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    Human Rights Impact Assessments of Trade Agreements – new report from Chatham House

Human Rights Impact Assessments of Trade Agreements – new report from Chatham House

On 26 February, I chaired a discussion at Chatham House in London on human rights impact assessments (HRIA) of trade agreements. The basis for the discussion was a report authored by Dr. Jennifer Zerk, Chatham House Associate Fellow in the International Law Programme. This important report very usefully outlines the substantial challenges of carrying out HRIAs of whole trade agreements in a manner that yields useful data that can convincingly help policymakers design trade agreements that embed respect for human rights and protect the most vulnerable members of society.

Despite the thrust of the report, which was demonstrating the weaknesses in using HRIAs for whole trade agreements, Dr. James Harrison of the University of Warwick School of Law provided several examples of successful HRIAs where they have helped policymakers understand the impacts of trade provisions. However, as he clearly pointed out, those successful assessments have all been carried out in very specific contexts regarding either one set of trade provisions or a specific government measure. Additionally, successful HRIAs have often looked at a subset of human rights issues over time.

Richard James, the Evaluation Co-ordinator for the Directorate-General for Trade of the European Commission, described the evolution in the thinking at the Commission and some ways forward to improve the actual impact of the assessments being carried out. As of yet, however, there seems to be little evidence that the results of the impact assessments being carried out at EU level have directly influenced the formulation of trade policy.

In my view, ex ante HRIAs of an entire trade agreement just cannot deliver the kinds of data that can effectively help design human rights compliant trade policy. Consider just these three challenges:

HRIAs cannot address investment parts […]

LSE LAB at the UN Forum on Business and Human Rights

On 26, 27 and 28 November 2018, almost 3,000 participants from government, business, civil society, UN bodies, trade unions, academia and the media, gathered in Geneva at the seventh edition of the UN Forum on Business and Human Rights to discuss trends, challenges and progress in advancing implementation of the UN Guiding Principles on Business and Human Rights (UNGPs).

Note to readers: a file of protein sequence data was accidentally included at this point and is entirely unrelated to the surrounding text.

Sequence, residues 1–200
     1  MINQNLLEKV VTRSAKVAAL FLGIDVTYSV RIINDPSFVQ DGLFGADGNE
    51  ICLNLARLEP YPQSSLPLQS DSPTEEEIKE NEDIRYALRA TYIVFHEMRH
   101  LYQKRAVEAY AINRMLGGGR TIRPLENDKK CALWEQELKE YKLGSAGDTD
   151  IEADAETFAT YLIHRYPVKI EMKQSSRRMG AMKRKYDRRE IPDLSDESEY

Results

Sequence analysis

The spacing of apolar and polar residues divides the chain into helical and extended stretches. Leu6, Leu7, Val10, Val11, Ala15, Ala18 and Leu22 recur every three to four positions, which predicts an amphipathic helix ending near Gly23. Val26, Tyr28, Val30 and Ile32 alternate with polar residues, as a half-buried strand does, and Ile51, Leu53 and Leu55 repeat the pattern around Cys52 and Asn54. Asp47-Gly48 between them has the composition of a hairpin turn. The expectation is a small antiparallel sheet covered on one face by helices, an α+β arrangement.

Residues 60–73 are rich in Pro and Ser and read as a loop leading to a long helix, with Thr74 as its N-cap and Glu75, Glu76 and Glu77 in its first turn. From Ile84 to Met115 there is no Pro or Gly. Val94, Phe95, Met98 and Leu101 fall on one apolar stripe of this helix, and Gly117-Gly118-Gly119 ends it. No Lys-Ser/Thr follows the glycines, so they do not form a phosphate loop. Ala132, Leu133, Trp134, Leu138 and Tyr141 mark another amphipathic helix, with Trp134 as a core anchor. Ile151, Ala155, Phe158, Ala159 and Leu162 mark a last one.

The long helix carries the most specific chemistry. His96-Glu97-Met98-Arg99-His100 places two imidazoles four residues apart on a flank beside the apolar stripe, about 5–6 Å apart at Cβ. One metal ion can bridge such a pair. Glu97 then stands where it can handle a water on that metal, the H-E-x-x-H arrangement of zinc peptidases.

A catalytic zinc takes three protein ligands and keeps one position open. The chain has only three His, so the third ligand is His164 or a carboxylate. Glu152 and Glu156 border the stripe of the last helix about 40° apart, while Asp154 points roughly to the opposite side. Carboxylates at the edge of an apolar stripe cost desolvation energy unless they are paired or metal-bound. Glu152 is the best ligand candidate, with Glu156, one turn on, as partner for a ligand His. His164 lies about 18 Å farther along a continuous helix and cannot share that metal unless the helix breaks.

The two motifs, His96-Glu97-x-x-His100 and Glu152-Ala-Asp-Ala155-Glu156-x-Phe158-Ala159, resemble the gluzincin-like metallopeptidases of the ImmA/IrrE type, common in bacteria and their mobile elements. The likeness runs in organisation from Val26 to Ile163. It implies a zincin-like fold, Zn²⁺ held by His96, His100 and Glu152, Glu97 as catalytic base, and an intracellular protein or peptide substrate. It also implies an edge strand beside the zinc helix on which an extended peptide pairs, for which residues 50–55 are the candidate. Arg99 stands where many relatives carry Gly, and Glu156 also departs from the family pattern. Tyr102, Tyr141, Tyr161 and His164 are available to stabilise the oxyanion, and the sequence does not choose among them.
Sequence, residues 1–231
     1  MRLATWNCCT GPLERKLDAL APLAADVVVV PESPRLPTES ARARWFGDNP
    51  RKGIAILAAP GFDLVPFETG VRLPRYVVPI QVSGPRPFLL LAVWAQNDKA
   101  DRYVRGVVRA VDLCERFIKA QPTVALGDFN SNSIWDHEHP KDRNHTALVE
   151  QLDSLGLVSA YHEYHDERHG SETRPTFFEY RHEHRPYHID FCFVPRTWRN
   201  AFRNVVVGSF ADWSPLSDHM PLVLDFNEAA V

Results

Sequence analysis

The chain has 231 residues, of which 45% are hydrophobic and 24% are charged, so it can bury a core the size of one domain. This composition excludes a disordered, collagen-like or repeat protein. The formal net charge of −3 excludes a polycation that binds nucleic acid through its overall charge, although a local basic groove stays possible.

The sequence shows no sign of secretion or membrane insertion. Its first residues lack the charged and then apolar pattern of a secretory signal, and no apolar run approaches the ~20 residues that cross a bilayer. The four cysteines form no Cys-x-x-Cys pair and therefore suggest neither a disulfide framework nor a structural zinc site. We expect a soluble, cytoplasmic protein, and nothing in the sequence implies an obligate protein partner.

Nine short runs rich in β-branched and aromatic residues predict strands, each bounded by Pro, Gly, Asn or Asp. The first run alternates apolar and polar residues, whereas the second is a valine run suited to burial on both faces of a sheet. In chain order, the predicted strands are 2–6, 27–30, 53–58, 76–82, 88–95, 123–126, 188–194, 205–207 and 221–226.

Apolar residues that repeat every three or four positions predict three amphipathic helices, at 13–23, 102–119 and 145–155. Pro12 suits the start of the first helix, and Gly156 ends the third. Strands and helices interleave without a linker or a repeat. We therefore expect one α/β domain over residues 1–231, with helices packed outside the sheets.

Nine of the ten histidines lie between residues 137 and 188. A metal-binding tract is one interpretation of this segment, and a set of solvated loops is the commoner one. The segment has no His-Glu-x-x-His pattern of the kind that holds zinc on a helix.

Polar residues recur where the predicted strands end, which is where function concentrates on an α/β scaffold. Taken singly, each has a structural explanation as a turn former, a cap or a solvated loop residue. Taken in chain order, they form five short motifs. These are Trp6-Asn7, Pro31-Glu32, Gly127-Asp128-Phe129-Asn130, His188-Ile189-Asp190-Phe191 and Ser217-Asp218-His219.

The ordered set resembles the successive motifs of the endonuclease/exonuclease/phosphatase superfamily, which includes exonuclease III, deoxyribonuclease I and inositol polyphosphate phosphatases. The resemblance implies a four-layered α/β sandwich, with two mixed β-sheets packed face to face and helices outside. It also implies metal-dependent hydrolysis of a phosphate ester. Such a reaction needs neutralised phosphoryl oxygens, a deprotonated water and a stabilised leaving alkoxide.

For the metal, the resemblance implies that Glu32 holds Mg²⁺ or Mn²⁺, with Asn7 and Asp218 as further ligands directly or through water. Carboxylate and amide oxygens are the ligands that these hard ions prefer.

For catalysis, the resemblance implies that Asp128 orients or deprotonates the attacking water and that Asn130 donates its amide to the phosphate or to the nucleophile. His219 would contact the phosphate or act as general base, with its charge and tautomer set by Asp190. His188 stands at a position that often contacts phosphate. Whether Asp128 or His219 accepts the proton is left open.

The emphasis of the Forum for 2018 “Business respect for human rights – building on what works” was the second pillar of the UNGPs, that is the corporate responsibility to respect human rights. The Forum focused on the requirement that companies exercise human rights due diligence to prevent adverse impacts on people, hosting discussions of emerging practices in different sectors and across value chains, and exploring what human rights due diligence implies in relation to specific human rights risks and impacts.

Andrea Saldarriaga and Andrea Shemberg, Visiting Fellows at the Laboratory for Advanced Research on the Global Economy, actively contributed to the Forum by organising and speaking in three sessions covering cutting-edge topics on the business and human rights agenda.

Responsible exit: As the sole speaker at the snapshot session “Exiting responsibly: respect for human rights in circumstances of urgent exit”, Andrea Saldarriaga used a short video produced with the Iran Business Responsibility Project (IBR) to highlight the importance for companies to address the impacts that leaving a market and reducing or winding up operations can have on people’s rights. While the business and human rights debate has been focused on key corporate decisions such as market entry, new investments or the launching of new products or services, less attention has been given to questions of sales and market exit – especially in circumstances of urgent exit.

Business lawyers and human rights due diligence: […]

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    Event: Can companies do business with Israeli settlements in Occupied Palestinian Territory while respecting human rights?

Event: Can companies do business with Israeli settlements in Occupied Palestinian Territory while respecting human rights?

14 November 2018  | 19.15 – 20.30  | LSE Alumni Theatre

 

 

On 1 February 2018, the UN Office of the High Commissioner for Human Rights published its report on companies doing business in the Occupied Palestinian Territories (OPT). The report states that “…violations of human rights associated with the settlements are pervasive and devastating, reaching every facet of Palestinian life,” citing restrictions on movement, freedom of religion, education and land ownership faced by Palestinians in East Jerusalem and the West Bank. It goes on to say that “[b]usinesses play a central role in furthering the establishment, maintenance and expansion of Israeli settlements,” and it describes the role of Israel in encouraging business to operate in settlements by providing financial incentives. Importantly, the report poses a set of live questions that governments, investors, companies, consumers and others should be asking:

Can companies do business with Israeli settlements in Occupied Palestinian Territory while respecting human rights? If so, what are the criteria for judging whether they are doing so?